I reported on code for two years. Then I found out.

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Two years later, the Corona virus became the focus of all my coverage as a science reporter in the Times (and all my thoughts were waking up every hour); here it is: I tested positive for the virus.

My case was mostly soft, as the virus is usually for any healthy 40-something individual. But the experience nonetheless gave me the perspective that I would not have gained from reading scientific papers or interviewing experts.

Over the past two years, I’ve written millions of articles about coronavirus – non-symptomatic infections, tests, immune-protecting our bodies, infections of success and boosters. I interviewed myself many times to answer questions about the disease, the American response to the epidemic and the virus.

But all along, my relationship with the virus has remained academic, non-personal. Even when Delta Variant was caught in India and I was sleeping, worried about my parents, it was still not at my doorstep.

To be honest, I’m surprised at the amount of time it took for me to catch the code. As someone who covers chronic illnesses, I’m not worried about pathogens, and my family and I have taken some risks during an outbreak. My husband teaches squash indoors, often without masks, my kids have been taking me personally to school – even masked – since the fall of 2020 and I’ve traveled on airplanes, which includes 20 hours of travel to India. Is included Omicron Addition.

But we’ve all been vaccinated and raised (except for my 10-year-old daughter, who’s still not fit for Booster) and relatively healthy, so we know when we can produce some symptoms. If we did get a quote, we would most likely recover soon. We wore masks around vulnerable people, including my mother-in-law and friends who have young children.

At an (indoor) dinner in early March, a friend and I wondered how our family had survived the quad. The virus seemed to backfire and the cases in New York City were less than a month away. We think we are in the clear.

I should have known that I was trying to luck.

Three days later, I received an email from my city school testing program in my spam folder warning me that my son was positively tested for the virus. I immediately notified the school. That evening, a friend in the city called me to give me some information. He started with “Cody is a disease that is caused by a virus called the corona virus. It was almost dinner time, and I was still finishing my story – on the science of the Corona virus, of course – so I asked if we could move on. But he needed to go into every detail of the disease, the symptoms, and the quarantine protocol.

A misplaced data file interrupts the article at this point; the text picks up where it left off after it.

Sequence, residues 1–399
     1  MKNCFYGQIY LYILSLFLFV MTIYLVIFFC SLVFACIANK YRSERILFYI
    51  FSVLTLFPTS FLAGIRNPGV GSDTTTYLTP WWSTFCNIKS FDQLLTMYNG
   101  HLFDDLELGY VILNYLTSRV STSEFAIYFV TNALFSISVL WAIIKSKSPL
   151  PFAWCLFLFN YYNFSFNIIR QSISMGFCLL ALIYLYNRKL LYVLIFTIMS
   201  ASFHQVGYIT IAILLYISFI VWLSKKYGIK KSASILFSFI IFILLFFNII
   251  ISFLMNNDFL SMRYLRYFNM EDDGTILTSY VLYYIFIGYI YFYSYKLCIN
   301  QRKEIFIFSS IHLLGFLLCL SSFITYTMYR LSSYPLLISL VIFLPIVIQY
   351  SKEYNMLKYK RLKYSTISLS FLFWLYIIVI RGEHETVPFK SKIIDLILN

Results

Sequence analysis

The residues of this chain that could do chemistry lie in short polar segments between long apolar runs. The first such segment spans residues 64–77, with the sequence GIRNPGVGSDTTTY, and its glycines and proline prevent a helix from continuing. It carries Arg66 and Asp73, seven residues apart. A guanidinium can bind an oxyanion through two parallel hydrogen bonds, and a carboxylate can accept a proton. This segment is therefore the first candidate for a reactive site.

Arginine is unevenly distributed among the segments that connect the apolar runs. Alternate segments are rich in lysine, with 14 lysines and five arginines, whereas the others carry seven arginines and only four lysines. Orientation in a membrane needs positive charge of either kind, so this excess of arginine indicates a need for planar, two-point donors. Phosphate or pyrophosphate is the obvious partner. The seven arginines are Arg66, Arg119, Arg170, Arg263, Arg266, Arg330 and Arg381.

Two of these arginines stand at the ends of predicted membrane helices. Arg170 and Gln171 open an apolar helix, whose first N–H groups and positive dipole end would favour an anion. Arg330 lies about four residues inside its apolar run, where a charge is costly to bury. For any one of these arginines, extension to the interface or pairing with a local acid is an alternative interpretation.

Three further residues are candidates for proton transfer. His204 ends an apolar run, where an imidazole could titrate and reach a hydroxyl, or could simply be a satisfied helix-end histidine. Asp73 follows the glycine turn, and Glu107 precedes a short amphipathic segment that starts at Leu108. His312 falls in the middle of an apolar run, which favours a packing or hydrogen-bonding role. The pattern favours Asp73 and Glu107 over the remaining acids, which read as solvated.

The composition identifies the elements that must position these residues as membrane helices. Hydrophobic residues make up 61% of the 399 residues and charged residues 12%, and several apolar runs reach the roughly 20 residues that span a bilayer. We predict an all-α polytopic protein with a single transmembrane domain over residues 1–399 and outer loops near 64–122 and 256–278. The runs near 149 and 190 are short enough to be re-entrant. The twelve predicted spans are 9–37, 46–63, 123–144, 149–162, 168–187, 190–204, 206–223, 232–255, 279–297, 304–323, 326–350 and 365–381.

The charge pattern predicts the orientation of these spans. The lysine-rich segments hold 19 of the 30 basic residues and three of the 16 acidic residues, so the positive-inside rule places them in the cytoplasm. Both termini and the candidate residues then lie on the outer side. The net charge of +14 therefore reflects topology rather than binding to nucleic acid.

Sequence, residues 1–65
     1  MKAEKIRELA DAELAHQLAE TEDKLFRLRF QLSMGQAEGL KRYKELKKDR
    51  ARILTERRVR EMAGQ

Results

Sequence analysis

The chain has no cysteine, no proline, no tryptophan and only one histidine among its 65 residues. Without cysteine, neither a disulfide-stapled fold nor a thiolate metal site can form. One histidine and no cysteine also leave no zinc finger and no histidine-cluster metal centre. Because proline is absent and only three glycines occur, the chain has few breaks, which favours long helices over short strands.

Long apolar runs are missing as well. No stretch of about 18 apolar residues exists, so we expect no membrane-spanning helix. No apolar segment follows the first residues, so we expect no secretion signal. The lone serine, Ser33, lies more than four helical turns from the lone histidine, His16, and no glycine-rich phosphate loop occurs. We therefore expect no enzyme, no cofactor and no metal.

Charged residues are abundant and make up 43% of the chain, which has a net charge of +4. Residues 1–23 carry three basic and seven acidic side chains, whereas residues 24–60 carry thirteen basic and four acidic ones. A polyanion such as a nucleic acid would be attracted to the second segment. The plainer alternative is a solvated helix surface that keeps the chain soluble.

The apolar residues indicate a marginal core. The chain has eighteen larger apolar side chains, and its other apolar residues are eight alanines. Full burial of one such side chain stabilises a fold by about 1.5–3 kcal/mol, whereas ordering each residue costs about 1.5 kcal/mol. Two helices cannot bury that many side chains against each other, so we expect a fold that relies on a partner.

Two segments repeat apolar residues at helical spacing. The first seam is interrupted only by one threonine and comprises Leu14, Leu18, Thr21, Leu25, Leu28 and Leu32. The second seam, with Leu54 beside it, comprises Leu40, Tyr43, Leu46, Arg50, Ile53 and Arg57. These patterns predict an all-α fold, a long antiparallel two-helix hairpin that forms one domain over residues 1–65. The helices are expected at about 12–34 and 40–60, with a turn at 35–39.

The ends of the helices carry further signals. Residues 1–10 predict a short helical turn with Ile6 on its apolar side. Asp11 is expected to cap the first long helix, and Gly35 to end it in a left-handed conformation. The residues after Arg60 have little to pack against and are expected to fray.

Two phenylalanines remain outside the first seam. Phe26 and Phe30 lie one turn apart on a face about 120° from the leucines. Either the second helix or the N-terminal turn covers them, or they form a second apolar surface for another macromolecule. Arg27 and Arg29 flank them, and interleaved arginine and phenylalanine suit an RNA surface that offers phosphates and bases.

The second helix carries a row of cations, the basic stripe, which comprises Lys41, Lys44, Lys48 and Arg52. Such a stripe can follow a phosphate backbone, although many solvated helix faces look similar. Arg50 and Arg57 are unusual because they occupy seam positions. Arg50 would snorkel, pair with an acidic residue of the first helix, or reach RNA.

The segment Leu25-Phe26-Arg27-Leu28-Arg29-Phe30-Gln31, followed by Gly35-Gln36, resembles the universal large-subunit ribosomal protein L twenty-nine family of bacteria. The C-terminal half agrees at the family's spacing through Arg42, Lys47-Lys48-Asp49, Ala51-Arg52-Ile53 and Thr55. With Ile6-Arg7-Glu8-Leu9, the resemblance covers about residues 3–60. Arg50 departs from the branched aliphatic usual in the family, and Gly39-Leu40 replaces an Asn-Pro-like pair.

After 16 minutes of this one-way conversation, he asked me if I had any questions. I didn’t, and I’m lucky enough to not need quarantine housing or free shipping in the city.

It was Thursday, March 10. Looking back, my husband noticed the weather earlier this week, but a quick test said he was free of the virus. My son also had itching in the cat, but had it checked for seasonal allergies. As the experts I interviewed have said, the symptoms were unknown.

Even though my fast test went negative, I decided to act as if I were a liar. I warned my colleagues. I was guaranteed to hang out with friends. My kids can cancel all their activities. I finally tested positive.

On Friday night, my daughter developed a low grade fever but by the next morning she was again filled with flu. As expected, we adults were very impressed. I was hit by a severe cold and a lot of restlessness. By next Wednesday, I was too sick to work. I learned that even those with a mild case can experience the symptoms.

I feel honored to have the time and energy to work from home when I feel I can’t. And I’m also fortunate, that my kids are old enough to not need continuous care and that they attend a school that accommodates remote learning. I also knew before that I had a lie that the disease had a lot of disproportionate effects on illiterate communities, but as I said in the Times podcast “The Daily”, getting ill with the virus in the context of acne. Keep.

I have written about many ailments – HIV, TB, malaria, leprosy, polio – that have never occurred to me. I could have done without the experience of getting a quote. I’m not worried about these symptoms being persistent for long – vaccination significantly reduces the risk of so-called long-term infections – but I’m still very fond of sleep.

I am thankful that this virus received a rich, extensive immune defense. But for the most part, I am very happy with what our readers have noticed.

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